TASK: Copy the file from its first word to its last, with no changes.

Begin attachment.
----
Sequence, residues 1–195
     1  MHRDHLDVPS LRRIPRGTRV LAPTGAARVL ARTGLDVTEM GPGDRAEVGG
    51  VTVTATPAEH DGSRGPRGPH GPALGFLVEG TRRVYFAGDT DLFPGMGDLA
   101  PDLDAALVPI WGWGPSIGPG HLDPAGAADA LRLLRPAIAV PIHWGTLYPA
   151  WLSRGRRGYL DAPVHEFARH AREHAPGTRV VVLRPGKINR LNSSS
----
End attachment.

Sequence, residues 1–195
     1  MHRDHLDVPS LRRIPRGTRV LAPTGAARVL ARTGLDVTEM GPGDRAEVGG
    51  VTVTATPAEH DGSRGPRGPH GPALGFLVEG TRRVYFAGDT DLFPGMGDLA
   101  PDLDAALVPI WGWGPSIGPG HLDPAGAADA LRLLRPAIAV PIHWGTLYPA
   151  WLSRGRRGYL DAPVHEFARH AREHAPGTRV VVLRPGKINR LNSSS